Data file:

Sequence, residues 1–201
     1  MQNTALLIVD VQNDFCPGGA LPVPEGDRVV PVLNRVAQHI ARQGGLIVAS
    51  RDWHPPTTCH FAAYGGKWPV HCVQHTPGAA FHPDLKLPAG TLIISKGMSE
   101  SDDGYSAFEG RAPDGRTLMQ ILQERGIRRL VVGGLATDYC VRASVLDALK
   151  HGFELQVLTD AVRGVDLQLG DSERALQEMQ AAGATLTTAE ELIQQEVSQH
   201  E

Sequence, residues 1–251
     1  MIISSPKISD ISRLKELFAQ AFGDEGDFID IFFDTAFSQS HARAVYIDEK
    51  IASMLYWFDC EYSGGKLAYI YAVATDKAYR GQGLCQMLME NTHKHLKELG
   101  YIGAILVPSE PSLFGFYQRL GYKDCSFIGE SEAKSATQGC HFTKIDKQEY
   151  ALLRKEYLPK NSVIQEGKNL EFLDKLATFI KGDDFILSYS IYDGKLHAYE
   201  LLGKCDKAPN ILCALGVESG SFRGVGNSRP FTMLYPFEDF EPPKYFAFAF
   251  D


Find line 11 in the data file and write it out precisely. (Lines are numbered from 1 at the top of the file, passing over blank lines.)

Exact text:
   151  ALLRKEYLPK NSVIQEGKNL EFLDKLATFI KGDDFILSYS IYDGKLHAYE